The continual increase in security threats combined with an overwhelming amount of data and false positives is creating major headaches for IT security teams. Additionally, the cybersecurity industry faces a colossal shortage of talent, making it nearly impossible to stay on top of the latest threats.
Enter artificial intelligence (AI).
According to data from ESG research, 12 percent of enterprise organizations have already deployed AI-based security analytics extensively, while another 27 percent have deployed AI-based security analytics on a more limited basis.
The relationship between AI and Machine Learning (ML) is often poorly articulated. Artificial Intelligence is simply concerned with causing machines to perform tasks characteristic of human intelligence. And ML is simply a way in which that AI can be achieved. Because ML provides a mechanism of learning where systems do not need to be explicitly programmed, we now have a chance to achieve AI with the enormously wide and high-fidelity data sets on which modern security systems must function if they wish to be effective.
In this sense, AI can simplify the work of the security operations center (SOC) by aiding with the coordination of many different forms of analysis. It can clarify the intelligence landscape and help weed out noise and false positives. It also holds promise to alleviate cybersecurity staffing woes by potentially automating everything. But there’s much to consider before AI can become the cornerstone of your IT security framework.
The Challenges of AI
At the present, the state of the art in AI is all about performing very narrow and specific tasks. However, sophisticated and advanced attacks cross many different surfaces and knowledge areas, some of which are technological and many of which are simply organizational. These require a highly generalized intelligence which is a widely unrealized goal in AI.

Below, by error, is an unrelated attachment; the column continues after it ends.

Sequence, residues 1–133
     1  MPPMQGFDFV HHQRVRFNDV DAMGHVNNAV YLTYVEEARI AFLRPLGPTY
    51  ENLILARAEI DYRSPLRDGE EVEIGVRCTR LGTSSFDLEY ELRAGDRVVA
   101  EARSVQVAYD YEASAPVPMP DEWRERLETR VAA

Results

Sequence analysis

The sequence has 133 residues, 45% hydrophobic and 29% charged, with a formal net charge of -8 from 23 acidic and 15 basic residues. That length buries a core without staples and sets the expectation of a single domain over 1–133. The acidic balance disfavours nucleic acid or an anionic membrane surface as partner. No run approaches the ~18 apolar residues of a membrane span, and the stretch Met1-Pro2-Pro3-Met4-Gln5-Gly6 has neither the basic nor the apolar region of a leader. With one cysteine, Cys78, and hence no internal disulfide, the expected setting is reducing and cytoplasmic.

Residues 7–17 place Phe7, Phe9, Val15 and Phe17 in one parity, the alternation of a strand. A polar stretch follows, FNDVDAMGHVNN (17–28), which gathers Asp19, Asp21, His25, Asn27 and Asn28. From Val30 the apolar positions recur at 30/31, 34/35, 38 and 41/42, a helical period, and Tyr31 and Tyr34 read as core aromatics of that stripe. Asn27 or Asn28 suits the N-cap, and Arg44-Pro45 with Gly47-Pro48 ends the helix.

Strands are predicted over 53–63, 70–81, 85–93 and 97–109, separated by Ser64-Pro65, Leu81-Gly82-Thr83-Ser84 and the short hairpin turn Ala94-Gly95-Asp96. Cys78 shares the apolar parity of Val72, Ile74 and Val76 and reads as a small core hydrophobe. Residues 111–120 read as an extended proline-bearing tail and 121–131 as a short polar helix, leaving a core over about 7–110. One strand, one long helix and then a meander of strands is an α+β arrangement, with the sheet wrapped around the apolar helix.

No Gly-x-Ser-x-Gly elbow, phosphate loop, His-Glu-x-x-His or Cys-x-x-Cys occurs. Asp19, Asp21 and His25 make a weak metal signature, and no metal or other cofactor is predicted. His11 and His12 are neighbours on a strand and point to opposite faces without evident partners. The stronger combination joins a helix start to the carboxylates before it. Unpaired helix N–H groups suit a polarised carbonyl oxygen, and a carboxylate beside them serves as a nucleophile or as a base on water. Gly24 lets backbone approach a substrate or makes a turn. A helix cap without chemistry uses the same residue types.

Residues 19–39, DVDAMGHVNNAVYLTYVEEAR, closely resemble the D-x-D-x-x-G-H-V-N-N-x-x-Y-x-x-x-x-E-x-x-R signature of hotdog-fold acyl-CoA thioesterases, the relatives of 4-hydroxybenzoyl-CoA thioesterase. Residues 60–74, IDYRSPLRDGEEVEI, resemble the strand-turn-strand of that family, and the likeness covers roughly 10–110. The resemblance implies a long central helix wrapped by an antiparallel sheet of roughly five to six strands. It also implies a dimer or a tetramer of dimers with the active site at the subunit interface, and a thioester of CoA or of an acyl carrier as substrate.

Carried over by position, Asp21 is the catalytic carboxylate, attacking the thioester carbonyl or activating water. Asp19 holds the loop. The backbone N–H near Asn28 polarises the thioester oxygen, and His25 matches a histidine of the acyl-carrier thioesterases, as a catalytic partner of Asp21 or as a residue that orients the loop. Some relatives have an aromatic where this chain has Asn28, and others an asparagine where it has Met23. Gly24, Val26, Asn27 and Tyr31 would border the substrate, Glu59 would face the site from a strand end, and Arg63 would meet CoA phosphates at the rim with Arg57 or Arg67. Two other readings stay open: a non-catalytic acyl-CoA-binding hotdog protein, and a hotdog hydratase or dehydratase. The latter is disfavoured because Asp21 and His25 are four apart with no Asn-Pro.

For example, one of the most misleading claims in the market is all the hype around AI transforming the way threat actors work. Realistically, AI is not being used much on the offense side for very simple reasons: the most sophisticated attacks are deeply human, working with strong organizational knowledge gained through existing employees, social engineering, rogue actors, etc. When coupled with knowledge of the most effective communication patterns, these human-led attacks are more likely to succeed. And although AI may play a role in automating attacks as well as defense in the future, most major risks will come from a non-AI approach. AI is simply not yet advanced enough, nor does it have easy access to all the required data, to outperform humans on this front.
On the defensive side, AI has become a marketing buzzword—often used interchangeably with ML—causing considerable confusion, especially in early adoption.
Although we’re nowhere close to the point the point where AI solutions have total autonomy and can replace highly-skilled security staff, there are aspects of AI and ML that can be used to help enhance the humans who use this technology. For example, the same ESG study notes that 29 percent of respondents indicated that they were interested in using AI-based cybersecurity to accelerate detection—curating, correlating and enriching security alerts, to create a more complete detection story across various expert systems. Additionally, 27 percent see value in using AI-based cybersecurity technology to improve and speed up incident response—prioritizing serious incidents and even automating remediation tasks.
Another significant role for AI in security is to advance threat research. Intelligence is still largely a human research effort. It combines knowledge of current threat actors, tactics, techniques and procedures. It is coupled with a sense for how attacks can leverage vulnerabilities and work across numerous surfaces and is ideally augmented with information sharing within working groups. AI can play a very serious role in accelerating research, automatically generating new indicators of compromise, and identifying future research opportunities. But only if it has the data.
So at the end of the day, AI really is not about replacing humans. It’s about serving them better and helping them focus on the things at which they are best: being creative, executing on high-level reasoning, managing for context, adapting quickly, and sorting through what does and does not matter. Machines are great at speed, repetition, automation and scale: things for which humans would be really inefficient.
Therefore, when it comes to AI, truly successful solutions will be human focused and will blend AI and ML techniques with the skills of expert analysts. Taking this approach, security teams can create “machine-accelerated” humans—cybersecurity professionals who work in conjunction with AI and ML to proactively identify and mitigate threats faster and more reliably, primarily through freeing up humans to focus on strategic initiatives.
Where Do We Go From Here?
All this is to say that we should emphatically embrace AI. If we employ it toward ends that are focused on the success of the people involved, we will go very far indeed.